TB Vet directors Kandys and Peter Merola (holding the cheque) pose for a picture with the new ventilator, along with acute care manager Alison Filewich (left) and members of the South Cariboo Health Foundation. Max Winkelman photo.

TB Vet directors Kandys and Peter Merola (holding the cheque) pose for a picture with the new ventilator, along with acute care manager Alison Filewich (left) and members of the South Cariboo Health Foundation. Max Winkelman photo.

New ventilator for 100 Mile House hospital

TB Vets donated $32,000 for the equipment

The 100 Mile District General Hospital has a new ventilator thanks to TB Vets.

“It is critical in the event that we actually have to intubate a patient and provide them with an artificial airway and breathing mechanism,” says acute care manager Alison Filewich.

“If we have a fairly significant trauma through a motor vehicle accident or an ATV accident and the patient requires that assistance with breathing we would hook them up to this machine which would basically breathe for them.”

That’s for while they wait to get the patient out to a higher level of care (i.e. and ICU) because it’s not available in 100 Mile, says Filewich. The ventilator is small and mobile so it can travel with the patient in a helicopter or ambulance.

The old model, which the hospital had been using, is similar, says Filewich, but being phased out in part because it’s no longer being serviced.

TB Vet director Kandys Merola says they’ve helped out with a couple of other machines in 100 Mile.

“This small hospital needs help with this kind of equipment.”

SCHF public relations and fundraising co-ordinator Brenda Devine reached out to see if TB Vets would be able to purchase the machine, she says.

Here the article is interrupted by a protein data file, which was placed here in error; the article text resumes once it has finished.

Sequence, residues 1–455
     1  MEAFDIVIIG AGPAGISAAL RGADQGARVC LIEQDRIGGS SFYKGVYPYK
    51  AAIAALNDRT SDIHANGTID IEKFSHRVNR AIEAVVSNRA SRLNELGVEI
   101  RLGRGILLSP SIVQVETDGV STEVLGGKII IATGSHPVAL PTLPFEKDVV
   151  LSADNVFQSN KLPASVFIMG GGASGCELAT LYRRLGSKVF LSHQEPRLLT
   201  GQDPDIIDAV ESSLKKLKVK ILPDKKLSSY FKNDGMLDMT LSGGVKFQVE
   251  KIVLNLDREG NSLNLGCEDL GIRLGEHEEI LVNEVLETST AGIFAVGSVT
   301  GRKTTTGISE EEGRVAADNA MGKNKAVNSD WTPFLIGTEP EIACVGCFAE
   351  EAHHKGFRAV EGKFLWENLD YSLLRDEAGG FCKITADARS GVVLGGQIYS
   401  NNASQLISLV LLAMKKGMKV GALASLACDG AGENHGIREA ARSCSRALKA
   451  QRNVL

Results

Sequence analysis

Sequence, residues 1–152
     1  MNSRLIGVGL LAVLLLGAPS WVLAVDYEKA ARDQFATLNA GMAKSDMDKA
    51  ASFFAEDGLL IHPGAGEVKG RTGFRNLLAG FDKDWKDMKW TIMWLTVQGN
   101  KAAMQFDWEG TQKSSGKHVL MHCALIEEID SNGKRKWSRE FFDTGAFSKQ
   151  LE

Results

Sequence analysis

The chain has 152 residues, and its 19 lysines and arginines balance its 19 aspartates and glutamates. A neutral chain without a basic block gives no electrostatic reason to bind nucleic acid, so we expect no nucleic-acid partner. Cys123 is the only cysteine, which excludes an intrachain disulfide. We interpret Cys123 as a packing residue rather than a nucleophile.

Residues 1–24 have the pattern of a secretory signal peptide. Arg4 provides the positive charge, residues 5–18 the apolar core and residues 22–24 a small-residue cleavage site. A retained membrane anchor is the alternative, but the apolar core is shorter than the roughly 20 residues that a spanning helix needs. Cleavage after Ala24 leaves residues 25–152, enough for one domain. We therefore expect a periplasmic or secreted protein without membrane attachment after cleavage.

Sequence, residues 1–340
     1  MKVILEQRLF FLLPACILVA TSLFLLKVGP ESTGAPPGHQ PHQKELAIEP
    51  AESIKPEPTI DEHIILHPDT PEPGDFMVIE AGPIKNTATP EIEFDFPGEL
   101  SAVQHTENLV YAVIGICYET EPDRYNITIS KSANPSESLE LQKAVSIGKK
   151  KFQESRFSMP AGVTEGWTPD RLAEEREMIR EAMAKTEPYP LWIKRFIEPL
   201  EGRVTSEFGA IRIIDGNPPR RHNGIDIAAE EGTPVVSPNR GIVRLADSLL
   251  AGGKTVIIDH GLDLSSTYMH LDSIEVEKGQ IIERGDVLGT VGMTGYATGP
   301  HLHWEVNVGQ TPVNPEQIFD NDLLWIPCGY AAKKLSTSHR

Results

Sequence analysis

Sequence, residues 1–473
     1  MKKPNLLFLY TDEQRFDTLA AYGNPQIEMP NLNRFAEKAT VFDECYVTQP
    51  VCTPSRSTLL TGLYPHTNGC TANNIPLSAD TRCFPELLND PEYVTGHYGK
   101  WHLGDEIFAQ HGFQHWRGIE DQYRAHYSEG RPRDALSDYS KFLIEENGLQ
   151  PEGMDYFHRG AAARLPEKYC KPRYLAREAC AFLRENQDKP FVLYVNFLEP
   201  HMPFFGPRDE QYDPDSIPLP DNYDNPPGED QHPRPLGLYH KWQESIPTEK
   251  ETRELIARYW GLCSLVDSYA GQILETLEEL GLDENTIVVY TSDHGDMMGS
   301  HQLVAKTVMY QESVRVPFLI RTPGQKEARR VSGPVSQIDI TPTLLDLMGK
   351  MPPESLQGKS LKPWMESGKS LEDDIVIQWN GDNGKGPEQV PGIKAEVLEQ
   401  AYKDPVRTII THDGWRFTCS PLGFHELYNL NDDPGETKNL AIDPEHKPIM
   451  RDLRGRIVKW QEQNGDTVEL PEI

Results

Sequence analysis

The South Cariboo Health Foundation (SCHF) had been looking at making the $32,000 purchase but it would have taken a fair bit of fundraising, says Devine.

“The whole thing is that we as a foundation only have so many donated dollars that come in from individuals or corporations but wherever there are resources available to us that doesn’t take our immediate funds…We can then use our funding to do other things,” ” says SCHF public relations and fundraising co-ordinator Brenda Devine.

“Of course at TB Vets, we’re willing to help,” says Merola.

TB Vets raises their money though lost and found key tags.

“If someone finds them they can drop them in any mailbox in Canada.”

In return they just ask for a donation, says TB Vet director Peter Merola. They operate just in the province of B.C.

“We have a greater impact perhaps on smaller community hospitals like these versus say a regional hospital where there’s a lot more funding available to them.”

“We ask that the community supports us as much as possible in as much as that we are supporting this community.”

There is a finite amount of money going around, says Filewich.

If it wasn’t for the Merola’s and South Cariboo Health Foundation’s efforts “we wouldn’t be able to afford this kind of care,” says Filewich. “That has a tendency to compromise patient outcomes.”


Like us on Facebook and follow us on Twitter.

Get local stories you won't find anywhere else right to your inbox.
Sign up here

Just Posted

A 17-year-old snowmobiler used his backcountry survival sense in preparation to spend the night on the mountain near 100 Mile House Saturday, Jan. 16, 2021 after getting lost. (South Cariboo Search and Rescue Facebook photo)
Teen praised for backcountry survival skills after getting lost in South Cariboo mountains

“This young man did everything right after things went wrong.”